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So Different, Yet So Similar: Civil-Military Relations in the United States and Russia

A longer version of this piece was originally published in Riddle and is reproduced here with slight changes to accommodate editorial style.


The murder of George Floyd sparked mass protests and riots in the United States In response, state governors summoned National Guard troops to patrol the streets, while the capital was flooded with paramilitary units ranging from private organizations to Secret Service officers. This fueled the debate on the nature of American civil-military relations. Interestingly, such relations in Russia are in many ways similar to those in the United States. Both countries value their armed forces and allocate the lion’s share of their budgets to maintain them, while their societies and politics are heavily militarized.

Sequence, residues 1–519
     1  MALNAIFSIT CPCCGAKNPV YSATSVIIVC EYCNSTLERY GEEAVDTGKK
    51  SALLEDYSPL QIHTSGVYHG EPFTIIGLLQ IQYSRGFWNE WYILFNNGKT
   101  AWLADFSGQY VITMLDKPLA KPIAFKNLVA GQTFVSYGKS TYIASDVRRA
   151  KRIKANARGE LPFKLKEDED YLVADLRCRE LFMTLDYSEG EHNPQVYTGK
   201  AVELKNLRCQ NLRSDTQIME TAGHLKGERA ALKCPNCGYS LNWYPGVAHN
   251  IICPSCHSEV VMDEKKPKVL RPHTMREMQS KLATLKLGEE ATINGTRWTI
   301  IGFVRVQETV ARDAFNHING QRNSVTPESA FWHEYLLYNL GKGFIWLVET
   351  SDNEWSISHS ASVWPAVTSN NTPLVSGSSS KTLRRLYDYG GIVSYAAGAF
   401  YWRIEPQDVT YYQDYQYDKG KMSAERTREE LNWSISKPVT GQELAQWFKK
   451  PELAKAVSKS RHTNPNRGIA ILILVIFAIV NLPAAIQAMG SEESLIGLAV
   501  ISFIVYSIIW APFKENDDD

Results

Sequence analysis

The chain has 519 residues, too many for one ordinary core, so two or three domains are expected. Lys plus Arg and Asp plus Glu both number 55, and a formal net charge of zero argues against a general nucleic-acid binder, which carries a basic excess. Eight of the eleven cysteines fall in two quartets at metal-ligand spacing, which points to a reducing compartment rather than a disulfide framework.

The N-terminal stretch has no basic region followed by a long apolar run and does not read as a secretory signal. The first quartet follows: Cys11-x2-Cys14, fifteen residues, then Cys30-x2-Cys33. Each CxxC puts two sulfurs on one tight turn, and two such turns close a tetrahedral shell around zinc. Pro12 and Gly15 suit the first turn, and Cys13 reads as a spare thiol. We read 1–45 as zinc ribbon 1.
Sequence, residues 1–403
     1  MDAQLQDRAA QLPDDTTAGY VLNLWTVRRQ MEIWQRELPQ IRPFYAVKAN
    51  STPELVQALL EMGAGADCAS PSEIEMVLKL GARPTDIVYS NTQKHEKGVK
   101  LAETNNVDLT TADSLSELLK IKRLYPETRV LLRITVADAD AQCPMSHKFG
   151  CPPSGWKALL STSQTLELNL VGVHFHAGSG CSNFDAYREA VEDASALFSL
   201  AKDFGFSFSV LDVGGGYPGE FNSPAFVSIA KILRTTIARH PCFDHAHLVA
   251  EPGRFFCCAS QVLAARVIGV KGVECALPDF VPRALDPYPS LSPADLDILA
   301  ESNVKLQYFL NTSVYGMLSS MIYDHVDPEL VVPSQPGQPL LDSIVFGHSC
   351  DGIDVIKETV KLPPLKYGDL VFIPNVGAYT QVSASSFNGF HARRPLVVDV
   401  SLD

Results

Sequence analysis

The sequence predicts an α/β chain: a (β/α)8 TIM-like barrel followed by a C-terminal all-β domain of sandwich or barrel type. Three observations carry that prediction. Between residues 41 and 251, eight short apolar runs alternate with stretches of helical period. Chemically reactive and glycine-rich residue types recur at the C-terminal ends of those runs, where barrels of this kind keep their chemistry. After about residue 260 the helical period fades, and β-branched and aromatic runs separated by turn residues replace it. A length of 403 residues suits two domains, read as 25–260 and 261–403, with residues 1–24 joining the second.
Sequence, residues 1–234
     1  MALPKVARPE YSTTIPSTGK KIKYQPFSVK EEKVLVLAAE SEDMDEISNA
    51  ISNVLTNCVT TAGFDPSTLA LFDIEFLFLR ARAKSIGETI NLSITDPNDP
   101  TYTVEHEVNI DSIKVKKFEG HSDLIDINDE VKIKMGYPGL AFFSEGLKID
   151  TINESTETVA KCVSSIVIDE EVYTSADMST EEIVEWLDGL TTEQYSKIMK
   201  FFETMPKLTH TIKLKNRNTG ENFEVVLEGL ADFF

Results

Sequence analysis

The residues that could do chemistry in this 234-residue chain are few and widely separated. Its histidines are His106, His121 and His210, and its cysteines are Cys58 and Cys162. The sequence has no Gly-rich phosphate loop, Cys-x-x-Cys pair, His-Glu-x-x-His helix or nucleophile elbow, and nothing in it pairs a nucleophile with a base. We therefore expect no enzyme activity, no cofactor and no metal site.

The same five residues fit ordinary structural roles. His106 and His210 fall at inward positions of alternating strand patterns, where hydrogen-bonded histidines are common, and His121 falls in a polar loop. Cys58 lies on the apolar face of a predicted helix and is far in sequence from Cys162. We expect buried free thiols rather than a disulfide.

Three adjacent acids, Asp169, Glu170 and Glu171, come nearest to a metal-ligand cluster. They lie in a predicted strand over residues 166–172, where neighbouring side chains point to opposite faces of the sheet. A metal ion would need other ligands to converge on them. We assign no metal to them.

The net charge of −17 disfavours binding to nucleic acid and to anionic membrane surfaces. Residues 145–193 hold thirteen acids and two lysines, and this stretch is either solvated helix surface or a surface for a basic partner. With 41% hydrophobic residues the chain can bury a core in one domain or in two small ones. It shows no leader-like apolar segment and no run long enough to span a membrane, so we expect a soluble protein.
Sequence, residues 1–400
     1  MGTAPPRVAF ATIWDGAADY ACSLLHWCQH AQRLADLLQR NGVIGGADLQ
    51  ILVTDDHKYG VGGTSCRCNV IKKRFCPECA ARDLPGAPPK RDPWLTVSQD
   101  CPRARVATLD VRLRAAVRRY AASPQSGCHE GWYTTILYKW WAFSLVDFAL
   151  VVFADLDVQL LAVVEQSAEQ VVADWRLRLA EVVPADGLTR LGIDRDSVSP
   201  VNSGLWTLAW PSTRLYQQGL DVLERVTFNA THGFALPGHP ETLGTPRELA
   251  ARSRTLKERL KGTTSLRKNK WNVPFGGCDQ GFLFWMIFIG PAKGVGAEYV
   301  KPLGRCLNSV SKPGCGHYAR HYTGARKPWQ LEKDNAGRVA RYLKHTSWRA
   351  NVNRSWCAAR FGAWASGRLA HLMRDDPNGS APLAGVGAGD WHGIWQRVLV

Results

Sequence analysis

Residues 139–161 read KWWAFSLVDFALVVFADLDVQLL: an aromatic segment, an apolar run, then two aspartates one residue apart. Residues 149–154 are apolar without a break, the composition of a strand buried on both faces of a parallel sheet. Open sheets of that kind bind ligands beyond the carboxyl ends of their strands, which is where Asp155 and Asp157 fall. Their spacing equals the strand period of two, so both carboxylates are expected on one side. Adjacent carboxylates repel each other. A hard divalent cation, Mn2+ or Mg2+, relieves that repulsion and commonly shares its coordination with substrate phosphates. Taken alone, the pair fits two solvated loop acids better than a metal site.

The civil-military relations of any country have their foundations in its sociopolitical characteristics. In the United States, the armed forces are the most respected state institution. Thus, in every election, candidates try to get the support of retired generals and gain credentials as backers of the military. That is why, for example, Biden’s comment that the military would escort Trump out of the White House should he refuse to leave is yet another attempt by a candidate to get closer to the military and distance themselves from an opponent.

American generals can influence the legitimacy of foreign policy. A survey of 12,000 participants revealed that criticism of a policy by generals delegitimized it in the eyes of society; their support slightly increased its popularity. Moreover, retired generals eagerly comment on politics in the media, thus informally presenting the stance of the armed forces. Hence, politicians who want to be reelected have to take the military’s position on civilian issues seriously. This complicates an ideal setup of civil-military relations, in which the military are completely beyond politics.